By Darren Allen
This is an extract from Self and Unself, Darren Allen’s new ‘philosophy of all and everything’. Some of the terms herein — consciousness, self, ego, etc — may appear somewhat mysterious or abstract as they are explained in earlier sections of the book.
Self produces manifest culture, and then that culture shapes self. First, self is externalised as an expression — some kind of act or presentation. The expression appears as an object, a thing in the world, which is related to other objects, which are then reappropriated by man back into the self.
A band releases an album, a building company constructs a block of flats, an advertising agency puts up hoardings around town, an individual recounts a few anecdotes. The songs, the dwellings, the signs and the stories become part of a world which then shapes those within that world.
If self is unselfish this process ultimately begins “beyond” culture, with consciousness, to which the reappropriated modifications are subject to some kind of evaluation — I can reject the bullshit music, the ugly council estate, the advertising lies and the witless jibber-jabber.
If, however, self is fundamentally egoic, consciousness is given no freedom to operate, and the caddis case is formed almost entirely from without, walling up inner quality, and with it, genuine individuality.
First self speaks, then the words get set in stone, then the stone speaks to the self, writing its words back into the human heart, which speaks again. If there is freedom to speak, and to be heard, and to walk away, this dialogue (or dialectic) is fruitful and serves man.
But, just as if one person screws another down and forces words into her head it is no longer a conversation, so if society (culture plus self, or selves) fills its schools and lines its streets with messages that all say the same thing, with no way of escape, then we are no longer individuals participating in a society, but stackable storage units for whomever or whatever is filling us with the things we are forced to feel, eat, look at, think about and energetically engage with; in short, build our selves with.
Culture was once built from nature, and, more intimately, from the unselfish origin of that which nature and culture have in common. This is why pre-civilised man considered nature and culture to be identical. The more culture came to be built from itself, the less it served the essence of man, until it came to compel man to accept its objective validity or suffer the consequences. Not in an overt tyrannical sense, but in the unalterable fact of its existence.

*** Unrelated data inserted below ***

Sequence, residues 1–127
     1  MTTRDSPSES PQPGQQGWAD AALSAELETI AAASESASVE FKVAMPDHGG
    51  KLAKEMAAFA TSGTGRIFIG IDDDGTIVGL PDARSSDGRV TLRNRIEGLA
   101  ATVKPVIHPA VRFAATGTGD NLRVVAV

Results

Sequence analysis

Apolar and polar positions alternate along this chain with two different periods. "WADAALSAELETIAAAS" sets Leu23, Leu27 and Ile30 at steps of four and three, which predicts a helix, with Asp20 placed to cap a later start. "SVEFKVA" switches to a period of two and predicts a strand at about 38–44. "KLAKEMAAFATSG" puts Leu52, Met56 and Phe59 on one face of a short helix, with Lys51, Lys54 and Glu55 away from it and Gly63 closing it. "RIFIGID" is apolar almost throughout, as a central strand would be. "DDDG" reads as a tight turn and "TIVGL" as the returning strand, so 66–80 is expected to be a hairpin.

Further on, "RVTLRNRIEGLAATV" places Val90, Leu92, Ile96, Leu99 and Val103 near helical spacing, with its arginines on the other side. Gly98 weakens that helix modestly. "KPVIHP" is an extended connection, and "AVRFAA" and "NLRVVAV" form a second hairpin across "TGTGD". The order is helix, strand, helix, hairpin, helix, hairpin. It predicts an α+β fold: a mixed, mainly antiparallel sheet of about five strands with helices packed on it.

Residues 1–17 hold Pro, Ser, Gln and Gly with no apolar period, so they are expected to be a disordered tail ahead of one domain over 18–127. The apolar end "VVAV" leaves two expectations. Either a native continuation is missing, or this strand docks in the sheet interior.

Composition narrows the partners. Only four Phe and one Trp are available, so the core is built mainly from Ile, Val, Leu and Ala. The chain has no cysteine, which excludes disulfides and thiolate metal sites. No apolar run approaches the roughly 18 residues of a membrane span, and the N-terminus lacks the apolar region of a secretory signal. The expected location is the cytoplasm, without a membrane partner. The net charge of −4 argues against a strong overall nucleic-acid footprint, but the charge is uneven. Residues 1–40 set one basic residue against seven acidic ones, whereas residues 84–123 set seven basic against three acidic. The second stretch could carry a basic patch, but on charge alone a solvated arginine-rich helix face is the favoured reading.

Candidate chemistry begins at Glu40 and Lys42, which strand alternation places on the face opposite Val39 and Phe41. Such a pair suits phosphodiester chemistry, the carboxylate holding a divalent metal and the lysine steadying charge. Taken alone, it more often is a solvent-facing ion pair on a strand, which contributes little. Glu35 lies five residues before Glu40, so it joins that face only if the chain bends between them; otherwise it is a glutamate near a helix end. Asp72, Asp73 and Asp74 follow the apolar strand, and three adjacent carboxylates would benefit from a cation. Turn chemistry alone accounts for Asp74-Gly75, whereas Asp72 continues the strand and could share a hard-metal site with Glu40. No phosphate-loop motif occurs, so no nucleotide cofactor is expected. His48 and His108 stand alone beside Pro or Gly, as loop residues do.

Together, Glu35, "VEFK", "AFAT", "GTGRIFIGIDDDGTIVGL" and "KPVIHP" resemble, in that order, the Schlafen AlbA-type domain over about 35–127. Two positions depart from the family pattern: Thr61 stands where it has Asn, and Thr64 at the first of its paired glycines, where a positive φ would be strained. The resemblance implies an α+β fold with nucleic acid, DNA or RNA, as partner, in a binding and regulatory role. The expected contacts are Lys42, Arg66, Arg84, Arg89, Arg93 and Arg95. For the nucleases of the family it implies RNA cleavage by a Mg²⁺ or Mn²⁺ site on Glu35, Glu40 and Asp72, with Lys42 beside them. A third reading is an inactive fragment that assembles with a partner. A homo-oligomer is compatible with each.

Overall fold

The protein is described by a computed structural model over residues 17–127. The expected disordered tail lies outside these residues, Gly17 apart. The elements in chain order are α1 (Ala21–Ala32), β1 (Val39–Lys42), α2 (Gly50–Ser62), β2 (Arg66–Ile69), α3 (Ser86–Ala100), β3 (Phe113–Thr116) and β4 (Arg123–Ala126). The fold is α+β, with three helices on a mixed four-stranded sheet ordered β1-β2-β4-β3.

You can think away culture or pretend it doesn’t matter — ignore, say, the rules of language or pretend that they are dispensable, but you will be punished, mocked, excluded, brought back into line or killed. Likewise, if your social self is at odds with your individual self, then all kinds of problems are on their way. This does not mean that I must be something other than my social self, but that I am continually compelled to harmonise the two, and if I can’t — if I cannot be in the world who I feel I really am—then I will suffer in the world, as everyone who is honest does.
Ego keeps this suffering at bay by endlessly affirming its social self. As that most unreal and egoic of sources, the average Teevee-American has it, ‘I am a cop, it’s what I do…’ ‘I am a mother, it’s what I do…’ Or, alternatively, ‘This is my town, these are my people’.
Such a ‘self’ is not something which is invented, it is there, ‘inside me’. I look inside and see that I am the cop or mother that society takes me to be (or, for the fake outsider, that I wish society to take me to be). And I have no desire to be anything else. Not that there is anything wrong with inhabiting a role, nor with identifying with a community, nor that there aren’t always elements of self that do not fit into what is required by the social world; rather that ego hides from itself in its social representation.
Man may be psychologically and spiritually deformed by his activity within the egoic group or institution, he may work in a mechanical manner, in mediated environments, in order to produce or manage things which have no recognisable human meaning, and he may be forced to conceal his horror and disgust behind an upbeat mask of emotional management, but if there is no truth beyond a self-constructed from the group, he will defend his deformity, and consequent duplicity and misery, as truth.
All criticisms of the group are taken to be criticisms of the self — ‘I am mortally offended by your prejudice’ — and all criticisms of the self are taken to be prejudice against the group — ‘It’s not because you are repulsed by my moral deformity, it’s because you are racist/homophobic/anti-white/anti-American etc’.